• Under the Clauses 14 (2) and 26, the notification provide an exemption to a number of giant industries such as chemical manufacturing and petroleum merchandise, constructing, widening of nationwide highways, etc. from public consultation — as part of the environment impact assessment process.
  • The rapporteurs argued that the exemptions were unwarranted, particularly when there was a serious gas leak from (LG Polymers) chemical plant in Visakhapatnam on May 12, 2020 and oil gas blowout in Assam’s Dibrugarh in June, 2020.
  • The draft notification doesn’t require publication of data or holding of public session for tasks labelled by the Central authorities as ‘involving strategic concerns’.
  • There is clause on “post-facto clearance” is worrisome. These are forprojects which began without acquiring the required environmental clearances or permissions.
  • Overall, it contradicts fundamental ideas associated to the environmental rule of regulationthat obstructed people’s rights to a safe, clean and healthy environment.

Indian Government’s Response over the Concerns

  • The government said that nothing in the proposed EIA, 2020 violated the UN Declaration of Human Rights and that the rapporteur’s concerns were “misplaced”.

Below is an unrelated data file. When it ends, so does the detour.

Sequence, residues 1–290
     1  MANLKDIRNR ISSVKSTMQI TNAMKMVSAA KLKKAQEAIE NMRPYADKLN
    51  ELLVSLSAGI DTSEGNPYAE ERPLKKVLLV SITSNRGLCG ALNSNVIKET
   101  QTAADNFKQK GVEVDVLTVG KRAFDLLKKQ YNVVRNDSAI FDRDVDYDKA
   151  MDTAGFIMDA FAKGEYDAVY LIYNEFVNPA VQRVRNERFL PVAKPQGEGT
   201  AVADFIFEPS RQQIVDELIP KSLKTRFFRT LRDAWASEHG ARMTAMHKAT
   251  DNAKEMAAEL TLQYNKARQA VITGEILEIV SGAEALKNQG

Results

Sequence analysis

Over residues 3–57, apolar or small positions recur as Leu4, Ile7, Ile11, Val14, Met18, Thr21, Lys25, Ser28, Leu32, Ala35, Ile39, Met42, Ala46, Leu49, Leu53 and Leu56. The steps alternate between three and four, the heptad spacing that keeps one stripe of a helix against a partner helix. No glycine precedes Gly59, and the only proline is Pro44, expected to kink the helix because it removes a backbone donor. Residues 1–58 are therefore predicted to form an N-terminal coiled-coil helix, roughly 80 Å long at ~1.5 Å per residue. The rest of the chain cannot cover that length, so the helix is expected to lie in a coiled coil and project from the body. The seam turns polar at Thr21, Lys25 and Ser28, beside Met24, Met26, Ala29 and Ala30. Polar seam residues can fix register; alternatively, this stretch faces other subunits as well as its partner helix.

• The proposed EIA is still a draft and issued for public consultation and that there were several imperfections in the existing EIA that were to be amended in the new notification.
  • With regard to post-facto clearances, the violation of not taking prior approval would be punished as per law and projects that were already running would be considered only on merit.

UN Special Rapporteurs

  • They are independent experts working on behalf of the United Nations.
  • The mandate of the Special Rapporteur was created by the Human Rights Council to protect and promote freedom of opinion and expression, offline and online, in light of international human rights law and standards.